GWEN IFILL: The Senate Armed Services Committee today endorsed the president's choice of General David Petraeus to lead U.S. and NATO forces in Afghanistan. The nomination goes now to the full Senate.
Today's vote, however, followed a hearing that focused more on war policy than on war personnel.
President Obama's choice to run the war in Afghanistan received fulsome praise at his confirmation hearing today.
SEN. JOHN MCCAIN, R-Ariz.: You're an American hero.
GWEN IFILL: And in his opening statement, General David Petraeus said the task in Afghanistan remains clear.
GENERAL DAVID PETRAEUS, Commander, U.S. Central Command: We cannot allow al-Qaida or other transnational extremist elements to once again establish sanctuaries from which they can launch attacks on our homeland or on our allies.
Achieving that objective, however, requires that we not only counter the resurgent Taliban elements who allowed such sanctuaries in the past. We must also help our Afghan partners develop their security forces and governance capacity so that they can over time take on the tasks of securing their country and seeing to the needs of their people.
GWEN IFILL: But, if there was little debate about the president's choice to succeed ousted Commander Stanley McChrystal, there remains considerable disagreement about the policy he is expected to execute, which includes reducing U.S. forces in Afghanistan one year from now.
Petraeus, Defense Secretary Gates, and the president have all said the July 2011 deadline would only be the beginning of the end of U.S. involvement.
U.S. PRESIDENT BARACK OBAMA: We did not say that, starting July 2011, suddenly there would be no troops from the United States or allied countries in Afghanistan. We didn't say we'd be switching off the lights and closing the door behind us. We said that we'd begin a transition phase in which the Afghan government is taking on more and more responsibility. That is the strategy that was put forward.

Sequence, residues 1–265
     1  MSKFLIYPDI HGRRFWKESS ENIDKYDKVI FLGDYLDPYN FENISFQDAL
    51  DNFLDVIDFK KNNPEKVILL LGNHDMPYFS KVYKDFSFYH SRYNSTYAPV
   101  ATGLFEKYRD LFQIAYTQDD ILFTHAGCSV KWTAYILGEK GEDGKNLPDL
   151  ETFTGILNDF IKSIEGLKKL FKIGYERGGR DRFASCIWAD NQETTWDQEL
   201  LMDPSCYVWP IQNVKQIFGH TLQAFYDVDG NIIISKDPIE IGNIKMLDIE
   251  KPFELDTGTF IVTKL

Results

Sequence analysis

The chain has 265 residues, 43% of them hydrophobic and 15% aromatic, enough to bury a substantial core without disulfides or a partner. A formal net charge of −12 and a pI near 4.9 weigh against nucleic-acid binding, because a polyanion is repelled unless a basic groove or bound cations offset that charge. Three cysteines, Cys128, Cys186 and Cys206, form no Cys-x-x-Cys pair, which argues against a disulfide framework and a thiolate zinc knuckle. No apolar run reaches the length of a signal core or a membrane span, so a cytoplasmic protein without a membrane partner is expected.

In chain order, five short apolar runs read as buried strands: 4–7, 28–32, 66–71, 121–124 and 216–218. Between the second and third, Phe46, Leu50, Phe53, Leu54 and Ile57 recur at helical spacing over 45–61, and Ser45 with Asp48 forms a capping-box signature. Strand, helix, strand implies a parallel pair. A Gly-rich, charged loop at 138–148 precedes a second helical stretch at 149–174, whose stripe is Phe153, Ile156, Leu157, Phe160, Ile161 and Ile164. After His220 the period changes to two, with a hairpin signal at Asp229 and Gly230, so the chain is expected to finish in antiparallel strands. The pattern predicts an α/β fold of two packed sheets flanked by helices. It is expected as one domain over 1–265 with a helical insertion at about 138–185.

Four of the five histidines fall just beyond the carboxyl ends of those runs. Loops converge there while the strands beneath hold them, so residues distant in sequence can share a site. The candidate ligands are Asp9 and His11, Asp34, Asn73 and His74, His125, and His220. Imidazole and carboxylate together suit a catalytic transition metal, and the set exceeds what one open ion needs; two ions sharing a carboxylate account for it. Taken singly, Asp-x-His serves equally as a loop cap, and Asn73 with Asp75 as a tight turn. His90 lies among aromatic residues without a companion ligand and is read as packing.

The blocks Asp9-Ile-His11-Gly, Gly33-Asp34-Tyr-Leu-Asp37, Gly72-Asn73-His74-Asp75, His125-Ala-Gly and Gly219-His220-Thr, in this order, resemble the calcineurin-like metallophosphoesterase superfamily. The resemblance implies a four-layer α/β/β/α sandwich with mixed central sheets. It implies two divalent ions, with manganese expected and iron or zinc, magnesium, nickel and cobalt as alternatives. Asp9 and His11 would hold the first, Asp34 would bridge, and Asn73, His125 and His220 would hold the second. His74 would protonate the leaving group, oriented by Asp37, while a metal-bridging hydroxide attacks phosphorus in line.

GWEN IFILL: Today, Petraeus emphasized the notion of that transition phase.
GENERAL DAVID PETRAEUS: It is going to be a number of years before Afghan forces can truly handle the security tasks in Afghanistan on their own.
The commitment to Afghanistan is necessarily, therefore, an enduring one, and neither the Taliban nor Afghan and Pakistani partners should doubt that.
GWEN IFILL: But several Republicans continued to warn against setting timetables of any kind.
Arizona Senator John McCain:
SEN. JOHN MCCAIN: What our friends and enemies in Afghanistan and the region need to hear is that the withdrawal of U.S. forces from Afghanistan will be determined solely by conditions on the ground.
If the president would say that success in Afghanistan is our only withdrawal plan, whether we reach it before July 2011 or afterwards, he would make the war more winnable and hasten the day when our troops can come home with honor, which is what we all want.
GWEN IFILL: Democrats, like Carl Levin of Michigan, said some kind of timetable is essential.